The Peril of Promises

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Embattled Rep. John Doolittle(R-CA) is trying to get back on the good side of his constituents after barely keeping his seat in the 2006 mid-term elections. Trying to put his ties to convicted lobbyist Jack Abramoff, and allegations of unethical fundraising activity behind him, he's promising greater accountability, and more attention to constituents. A fine gesture, but can he be for real?

 

Consider that, given his status as a vulnerable incumbent, he's sure to face a challenge for his seat in 2008 he has to build a massive campaign war chest. Even candidates in less competitive districts spend huge chunks of time fundraising so you better believe Doolittle will be either on the phone with big donors or at lavish fundraisers scooping up thousand dollar checks for much of the next two years. It won't leave much time for the majority of his constituents who can't give big to campaigns -- it's an iniquity reinforced by our current campaign financing system that rewards relationships with wealthy special interests over relationships with voters.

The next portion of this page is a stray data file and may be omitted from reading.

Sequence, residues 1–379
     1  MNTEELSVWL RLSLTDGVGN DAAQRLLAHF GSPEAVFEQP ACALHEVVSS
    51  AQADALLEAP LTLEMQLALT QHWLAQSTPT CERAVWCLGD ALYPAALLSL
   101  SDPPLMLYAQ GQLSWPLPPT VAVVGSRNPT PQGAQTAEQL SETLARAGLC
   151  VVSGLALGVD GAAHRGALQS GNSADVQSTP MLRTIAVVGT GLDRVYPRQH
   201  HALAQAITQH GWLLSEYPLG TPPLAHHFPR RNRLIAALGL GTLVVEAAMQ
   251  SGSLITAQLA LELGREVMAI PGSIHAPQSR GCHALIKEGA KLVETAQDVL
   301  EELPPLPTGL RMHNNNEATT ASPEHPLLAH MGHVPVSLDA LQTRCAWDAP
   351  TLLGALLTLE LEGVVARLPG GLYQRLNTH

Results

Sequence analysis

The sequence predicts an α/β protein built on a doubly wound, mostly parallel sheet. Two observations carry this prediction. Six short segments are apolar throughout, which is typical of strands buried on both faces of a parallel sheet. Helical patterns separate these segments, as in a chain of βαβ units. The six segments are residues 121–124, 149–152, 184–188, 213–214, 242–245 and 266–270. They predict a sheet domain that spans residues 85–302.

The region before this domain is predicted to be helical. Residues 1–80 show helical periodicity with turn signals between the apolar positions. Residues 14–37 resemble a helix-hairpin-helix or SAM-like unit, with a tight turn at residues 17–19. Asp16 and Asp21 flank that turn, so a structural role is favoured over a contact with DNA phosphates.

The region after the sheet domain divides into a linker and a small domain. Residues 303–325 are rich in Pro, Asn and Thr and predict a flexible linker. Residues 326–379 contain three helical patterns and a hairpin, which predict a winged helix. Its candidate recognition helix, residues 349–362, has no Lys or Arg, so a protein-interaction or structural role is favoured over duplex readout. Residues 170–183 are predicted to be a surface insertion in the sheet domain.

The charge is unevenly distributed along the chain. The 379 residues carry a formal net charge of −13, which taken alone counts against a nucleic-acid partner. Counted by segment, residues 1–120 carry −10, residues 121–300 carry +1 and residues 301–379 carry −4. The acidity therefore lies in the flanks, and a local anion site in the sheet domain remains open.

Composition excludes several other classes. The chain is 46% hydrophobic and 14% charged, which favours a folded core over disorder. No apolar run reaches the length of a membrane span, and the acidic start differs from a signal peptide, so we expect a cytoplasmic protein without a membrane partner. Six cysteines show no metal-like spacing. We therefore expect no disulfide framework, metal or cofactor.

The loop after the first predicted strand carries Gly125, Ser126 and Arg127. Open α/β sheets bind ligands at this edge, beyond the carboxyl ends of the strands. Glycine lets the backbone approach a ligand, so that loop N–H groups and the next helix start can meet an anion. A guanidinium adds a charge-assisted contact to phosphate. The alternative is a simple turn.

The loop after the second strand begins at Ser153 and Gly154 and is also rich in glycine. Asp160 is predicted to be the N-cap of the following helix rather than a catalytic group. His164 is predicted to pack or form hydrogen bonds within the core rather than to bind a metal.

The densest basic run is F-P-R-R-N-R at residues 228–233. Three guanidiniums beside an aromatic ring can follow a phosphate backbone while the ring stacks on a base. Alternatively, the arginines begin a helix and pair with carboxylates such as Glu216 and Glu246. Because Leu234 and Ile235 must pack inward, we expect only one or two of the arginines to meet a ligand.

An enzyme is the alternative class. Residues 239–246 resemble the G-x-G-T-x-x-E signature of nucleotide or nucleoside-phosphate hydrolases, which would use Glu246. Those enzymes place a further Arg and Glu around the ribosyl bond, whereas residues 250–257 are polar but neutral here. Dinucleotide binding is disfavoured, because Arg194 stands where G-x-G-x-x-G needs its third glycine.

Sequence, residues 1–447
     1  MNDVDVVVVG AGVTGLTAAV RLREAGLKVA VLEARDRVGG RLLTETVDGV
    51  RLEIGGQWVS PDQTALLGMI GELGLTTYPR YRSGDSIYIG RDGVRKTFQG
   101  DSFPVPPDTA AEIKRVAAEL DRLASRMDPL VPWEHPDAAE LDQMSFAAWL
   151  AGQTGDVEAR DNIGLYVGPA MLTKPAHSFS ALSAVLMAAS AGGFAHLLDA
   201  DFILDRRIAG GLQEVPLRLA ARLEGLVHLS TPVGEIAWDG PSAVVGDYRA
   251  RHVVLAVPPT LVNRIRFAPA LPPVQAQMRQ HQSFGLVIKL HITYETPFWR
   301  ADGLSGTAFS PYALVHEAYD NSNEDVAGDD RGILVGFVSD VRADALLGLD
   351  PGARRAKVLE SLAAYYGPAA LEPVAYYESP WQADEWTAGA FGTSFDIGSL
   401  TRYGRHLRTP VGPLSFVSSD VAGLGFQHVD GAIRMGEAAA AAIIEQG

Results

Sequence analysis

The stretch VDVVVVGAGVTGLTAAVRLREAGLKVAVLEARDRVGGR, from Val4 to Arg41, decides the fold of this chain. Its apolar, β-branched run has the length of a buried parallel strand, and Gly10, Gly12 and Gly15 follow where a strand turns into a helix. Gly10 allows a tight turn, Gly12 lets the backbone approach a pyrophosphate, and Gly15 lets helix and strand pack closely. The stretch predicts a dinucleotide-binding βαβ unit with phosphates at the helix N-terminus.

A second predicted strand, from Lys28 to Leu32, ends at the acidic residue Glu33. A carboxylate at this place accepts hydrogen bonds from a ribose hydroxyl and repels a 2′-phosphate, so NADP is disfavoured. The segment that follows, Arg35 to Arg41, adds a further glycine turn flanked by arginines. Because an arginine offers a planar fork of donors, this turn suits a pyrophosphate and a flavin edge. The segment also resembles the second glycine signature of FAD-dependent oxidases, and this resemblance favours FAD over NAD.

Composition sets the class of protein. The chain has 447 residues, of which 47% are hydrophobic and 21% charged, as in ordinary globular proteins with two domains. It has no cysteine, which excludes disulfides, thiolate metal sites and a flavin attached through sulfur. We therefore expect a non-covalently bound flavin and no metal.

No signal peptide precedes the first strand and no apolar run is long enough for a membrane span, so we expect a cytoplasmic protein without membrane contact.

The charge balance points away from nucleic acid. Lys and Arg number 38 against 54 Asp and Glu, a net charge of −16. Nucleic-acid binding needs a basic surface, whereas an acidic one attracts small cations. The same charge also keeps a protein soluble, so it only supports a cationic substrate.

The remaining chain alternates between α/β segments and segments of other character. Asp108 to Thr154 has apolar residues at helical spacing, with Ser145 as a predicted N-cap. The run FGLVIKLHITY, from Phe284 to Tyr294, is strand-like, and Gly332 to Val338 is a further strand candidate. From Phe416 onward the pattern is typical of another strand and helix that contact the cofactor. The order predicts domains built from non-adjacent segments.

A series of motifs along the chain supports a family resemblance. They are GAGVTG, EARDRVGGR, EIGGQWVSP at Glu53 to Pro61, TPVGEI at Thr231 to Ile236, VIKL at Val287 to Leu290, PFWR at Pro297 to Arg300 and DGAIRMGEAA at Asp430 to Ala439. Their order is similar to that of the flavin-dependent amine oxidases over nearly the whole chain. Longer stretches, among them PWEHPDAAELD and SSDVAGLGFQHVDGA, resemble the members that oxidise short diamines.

If Doolittle wants to repair his credibility with voters, he needs to address the circumstances that keep elected officials in little rooms dialing for dollars, and most voters out in the cold. If congressional candidates had the benefits of a Clean Elections full public financing system available to them, they could follow through on promises like Doolittle's to spend more time with constituents and be accountable only to them. Already 109 members of Congress have gone on the record in support of a full public financing system for congressional elections -- Doolittle should join them.